As soon as Nohira finished, he moved to Cambridge for a Ph.D. program at MIT’s Sloan School of Management. I started in international finance, which I what I thought I was going to do. But I discovered organizational behavior and leadership, and ultimately my interests were in that direction. MIT for me was a remarkable period for discovering and focusing on my intellectual passions, even though I think the roots of it go back to the relationship with my father. When I graduated in 1988, I had offers from nearly all the business schools I had ever dreamed of being part of. In the end, the choice came down to Stanford or Harvard. I have to say, and this is not 20/20 hindsight remaking of the story, that I really did fall in love with Harvard Business School the first time I came here.”


Nohira says the motivation to enter business came early in life, largely from his travels in the hinterlands of India with his father. “Perhaps the most important thing to share about my childhood is that my father was an extraordinary inspiration to me. In many ways, I think who I am today has been profoundly influenced by his example. He grew up in a very small village in India and was one of the first people in his family to attend college, where he studied engineering. He then went to England to get a diploma in management from Manchester Business School.

“He returned to India and ended up having a very successful career in business—first as the general manager and then as CEO of a small company, and later as the head of progressively larger companies. So my entire relationship with him was as someone who was a professional business leader. I traveled a lot with my father as he was starting manufacturing plants all over the country. Some years later we would go back and visit, and I saw the extraordinary impact that business could have on society. In places where there was nothing, factories got built, and jobs got created. Out of what was one plant, often in the middle of nowhere, seven or eight years later you’d see thriving communities.”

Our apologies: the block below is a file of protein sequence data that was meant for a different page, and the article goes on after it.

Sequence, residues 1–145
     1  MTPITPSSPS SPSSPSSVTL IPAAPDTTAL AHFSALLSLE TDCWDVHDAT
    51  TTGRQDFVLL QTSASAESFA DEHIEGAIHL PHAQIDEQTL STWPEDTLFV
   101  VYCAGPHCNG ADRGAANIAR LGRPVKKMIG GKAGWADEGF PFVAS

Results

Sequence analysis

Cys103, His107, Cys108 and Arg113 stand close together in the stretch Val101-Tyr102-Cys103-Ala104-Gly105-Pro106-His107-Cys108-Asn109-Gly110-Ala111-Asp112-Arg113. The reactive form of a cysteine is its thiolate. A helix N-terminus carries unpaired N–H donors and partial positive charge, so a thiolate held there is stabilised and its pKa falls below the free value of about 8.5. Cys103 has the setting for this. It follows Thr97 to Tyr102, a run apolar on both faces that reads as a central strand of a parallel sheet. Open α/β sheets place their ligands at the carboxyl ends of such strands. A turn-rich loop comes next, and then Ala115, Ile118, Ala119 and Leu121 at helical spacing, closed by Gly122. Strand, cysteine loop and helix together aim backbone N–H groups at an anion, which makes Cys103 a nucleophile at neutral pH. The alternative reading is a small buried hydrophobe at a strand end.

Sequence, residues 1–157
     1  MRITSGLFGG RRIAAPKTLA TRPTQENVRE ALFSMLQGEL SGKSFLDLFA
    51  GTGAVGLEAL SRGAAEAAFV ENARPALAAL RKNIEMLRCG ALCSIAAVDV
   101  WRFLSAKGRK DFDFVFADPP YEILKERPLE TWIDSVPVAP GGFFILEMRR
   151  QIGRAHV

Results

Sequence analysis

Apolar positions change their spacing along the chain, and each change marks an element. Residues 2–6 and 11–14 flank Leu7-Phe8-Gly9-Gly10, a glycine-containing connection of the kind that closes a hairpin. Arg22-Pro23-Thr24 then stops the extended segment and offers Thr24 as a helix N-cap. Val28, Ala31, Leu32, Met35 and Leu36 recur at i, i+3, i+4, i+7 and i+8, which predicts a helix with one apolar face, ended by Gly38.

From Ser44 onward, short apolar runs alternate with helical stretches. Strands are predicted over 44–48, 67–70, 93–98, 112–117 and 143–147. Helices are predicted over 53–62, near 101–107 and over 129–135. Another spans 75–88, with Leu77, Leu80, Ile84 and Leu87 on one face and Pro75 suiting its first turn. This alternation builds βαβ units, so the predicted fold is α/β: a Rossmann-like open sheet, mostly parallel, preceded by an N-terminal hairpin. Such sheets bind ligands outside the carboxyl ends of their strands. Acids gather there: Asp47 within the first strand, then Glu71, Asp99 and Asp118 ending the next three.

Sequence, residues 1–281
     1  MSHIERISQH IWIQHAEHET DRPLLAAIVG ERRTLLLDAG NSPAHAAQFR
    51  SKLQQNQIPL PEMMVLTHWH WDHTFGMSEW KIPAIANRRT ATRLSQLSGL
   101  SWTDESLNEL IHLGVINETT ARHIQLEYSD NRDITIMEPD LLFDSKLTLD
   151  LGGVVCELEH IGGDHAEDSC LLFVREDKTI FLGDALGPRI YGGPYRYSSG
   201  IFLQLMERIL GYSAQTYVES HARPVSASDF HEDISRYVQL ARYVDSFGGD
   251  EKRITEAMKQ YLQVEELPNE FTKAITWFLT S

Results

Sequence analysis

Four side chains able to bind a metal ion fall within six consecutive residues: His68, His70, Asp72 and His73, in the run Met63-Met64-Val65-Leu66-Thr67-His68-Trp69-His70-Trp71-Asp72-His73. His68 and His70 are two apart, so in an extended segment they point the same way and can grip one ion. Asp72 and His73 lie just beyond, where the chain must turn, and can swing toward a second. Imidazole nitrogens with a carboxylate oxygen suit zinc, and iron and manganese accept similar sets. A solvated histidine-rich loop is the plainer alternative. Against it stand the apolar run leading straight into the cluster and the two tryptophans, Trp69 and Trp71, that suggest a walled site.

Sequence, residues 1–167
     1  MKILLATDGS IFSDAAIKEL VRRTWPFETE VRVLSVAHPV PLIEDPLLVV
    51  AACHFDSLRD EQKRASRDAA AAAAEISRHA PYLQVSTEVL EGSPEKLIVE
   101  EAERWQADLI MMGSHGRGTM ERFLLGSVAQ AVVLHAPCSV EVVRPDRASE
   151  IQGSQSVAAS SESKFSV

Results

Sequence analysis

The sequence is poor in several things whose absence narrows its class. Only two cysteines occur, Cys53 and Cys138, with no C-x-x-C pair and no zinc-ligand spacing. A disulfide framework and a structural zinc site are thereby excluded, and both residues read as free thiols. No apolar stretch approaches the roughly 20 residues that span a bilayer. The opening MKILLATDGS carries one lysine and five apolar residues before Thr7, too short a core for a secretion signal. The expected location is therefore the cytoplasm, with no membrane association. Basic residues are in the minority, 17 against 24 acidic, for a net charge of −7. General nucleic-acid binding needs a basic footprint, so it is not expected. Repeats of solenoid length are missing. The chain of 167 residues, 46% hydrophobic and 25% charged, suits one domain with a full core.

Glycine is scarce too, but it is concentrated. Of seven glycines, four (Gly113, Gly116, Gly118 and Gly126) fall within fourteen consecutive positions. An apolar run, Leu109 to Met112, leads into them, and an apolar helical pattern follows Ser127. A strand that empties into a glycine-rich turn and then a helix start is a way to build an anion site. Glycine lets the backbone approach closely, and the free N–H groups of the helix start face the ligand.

To rebuild public confidence in business, Nohira said corporate leaders need to “reclaim it” through “actions that produce value. Trust in business is highest when business is seen as doing things that create value for society. You gain society’s confidence when you are seen as solving the biggest problems and contributing in ways that are innovative and imaginative. We need to return to creating real value for society.  That’s the best way to earn back trust. In the meantime, we also have to stand up and say we’re going to do things ethically, honorably, and responsively.”


Asked by the alumni magazine what he does for fun, Nohira said he loves to cook Indian and Italian food. “At home, I’m the chef. If I don’t cook, we eat cereal. And second, I have for a long time been a small collector of Indian contemporary art.  Things that have aesthetic quality are enormously important in my life. So much of India is known largely by Indian antiquity.  There’s no real exposure to Indian contemporary art. That’s a pity because there is a very vibrant contemporary art scene in India, just as there is in every other part of the world.”


Asked by the Globe reporter how he will lead Harvard Business School, Nohria said, “I have no fantasy of being a charismatic visionary,’’ he said, adding that he considers that model of leadership a myth. “Let’s face it: I am 5 feet, 6 inches, bald . . . Charisma is not the first word that comes to mind when people meet me. That’s not who I am, and that’s not what my appointment means.’’